March 20, 2017
The third installment of this series continues the challenge issued last November and continued this past January. That challenge was and remains to test your general ‘County IQ’. Part III examines the businesses, organizations and famous names that still dot our county memories. The fourth and final installment will appear in May 2017. 1. Frank Shankland (1916) and
March 31, 2014
Located on Mentor Avenue, Havel’s Flowers and Greenhouses are a family run third generation business. Established in 1936, this ornamental greenhouse entranceway was salvaged and brought to Mentor in 1937 from the George Ball estate at Gordon Park location in Cleveland. Remarkable Lake County — Mentor’s Cityscape Drive the streets of Mentor and it is
July 17, 2013
We are busily planning the details for the historically-correct interior of Steele Mansion. Thanks to the descendant of George Steele, who lives locally, we have pictures of the Mansion from the 1870’s. Several pieces of furniture are on hand that closely resemble the original furnishings. A previous blog detailed the large mirrors that will hang
May 6, 2013
‘We All Come From The Past’ is a famous line from Russell Baker’s 1982 memoir “Growing Up”. He wrote that children ought to know what it was that went into their making, to know that life is a braided cord of humanity stretching from a time long gone-one that cannot be defined by the span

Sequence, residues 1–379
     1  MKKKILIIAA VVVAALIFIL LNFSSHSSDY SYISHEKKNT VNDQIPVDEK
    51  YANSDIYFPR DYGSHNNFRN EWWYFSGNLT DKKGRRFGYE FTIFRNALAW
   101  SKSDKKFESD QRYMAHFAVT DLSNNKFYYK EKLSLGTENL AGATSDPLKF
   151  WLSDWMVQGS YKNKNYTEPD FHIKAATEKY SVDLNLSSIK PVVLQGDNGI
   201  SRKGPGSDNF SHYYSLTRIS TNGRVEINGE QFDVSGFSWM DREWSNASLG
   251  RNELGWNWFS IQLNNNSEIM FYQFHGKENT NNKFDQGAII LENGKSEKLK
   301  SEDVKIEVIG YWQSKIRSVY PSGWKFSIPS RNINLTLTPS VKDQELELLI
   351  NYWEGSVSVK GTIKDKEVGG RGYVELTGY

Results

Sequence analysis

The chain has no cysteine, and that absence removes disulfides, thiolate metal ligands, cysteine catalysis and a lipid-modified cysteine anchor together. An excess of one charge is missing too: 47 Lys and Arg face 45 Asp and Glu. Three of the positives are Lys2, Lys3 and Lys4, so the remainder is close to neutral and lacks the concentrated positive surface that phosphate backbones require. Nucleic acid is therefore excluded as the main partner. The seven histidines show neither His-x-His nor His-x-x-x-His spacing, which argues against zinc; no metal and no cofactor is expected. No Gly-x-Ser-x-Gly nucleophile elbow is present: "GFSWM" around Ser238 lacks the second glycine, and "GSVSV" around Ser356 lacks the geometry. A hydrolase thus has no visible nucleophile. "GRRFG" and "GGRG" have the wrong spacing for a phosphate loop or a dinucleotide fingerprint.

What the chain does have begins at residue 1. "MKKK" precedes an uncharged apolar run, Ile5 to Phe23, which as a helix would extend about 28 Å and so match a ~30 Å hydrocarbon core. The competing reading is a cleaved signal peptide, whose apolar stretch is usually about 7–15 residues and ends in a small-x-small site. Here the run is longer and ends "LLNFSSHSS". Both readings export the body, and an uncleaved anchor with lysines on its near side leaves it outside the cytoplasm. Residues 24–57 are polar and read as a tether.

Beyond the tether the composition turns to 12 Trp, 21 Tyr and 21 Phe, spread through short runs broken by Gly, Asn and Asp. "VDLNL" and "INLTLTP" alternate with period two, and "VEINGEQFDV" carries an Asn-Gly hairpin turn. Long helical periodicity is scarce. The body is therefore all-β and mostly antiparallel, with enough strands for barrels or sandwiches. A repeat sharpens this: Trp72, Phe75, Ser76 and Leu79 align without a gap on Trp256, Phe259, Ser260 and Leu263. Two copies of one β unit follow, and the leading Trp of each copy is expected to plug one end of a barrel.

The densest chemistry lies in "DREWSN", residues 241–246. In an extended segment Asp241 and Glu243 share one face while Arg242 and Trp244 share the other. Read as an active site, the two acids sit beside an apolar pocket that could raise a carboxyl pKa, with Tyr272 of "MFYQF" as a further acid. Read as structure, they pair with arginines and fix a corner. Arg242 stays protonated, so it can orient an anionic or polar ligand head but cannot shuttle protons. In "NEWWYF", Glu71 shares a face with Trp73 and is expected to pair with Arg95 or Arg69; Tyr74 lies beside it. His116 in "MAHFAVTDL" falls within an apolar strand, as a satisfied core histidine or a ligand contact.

March 15, 2013
Construction continues at Steele Mansion. The front part of the building, the most important portion of the historic restoration, was successfully stabilized during the first year of building.
February 6, 2013
The Times Are Changing! We Are At A Crossroads! We Are At A Turning Point! A while back our local historical society got on the band-wagon and joined the social media network in hopes that we might reach a larger and emerging audience. By embracing these new medias we hope to help today’s generation to
January 30, 2013
Steele Mansion was built in 1867 for George Steele, a wealthy and powerful man of the era. An 1867 newspaper article declared that it was the grandest home in Painesville! The French second empire home had 8 Italian marble fireplaces, front windows imported from France and ornate walnut wood doors and trim. The entire third floor was a ballroom. The Steele family lived in the front portion of the building. A two story rear wing housed the servants.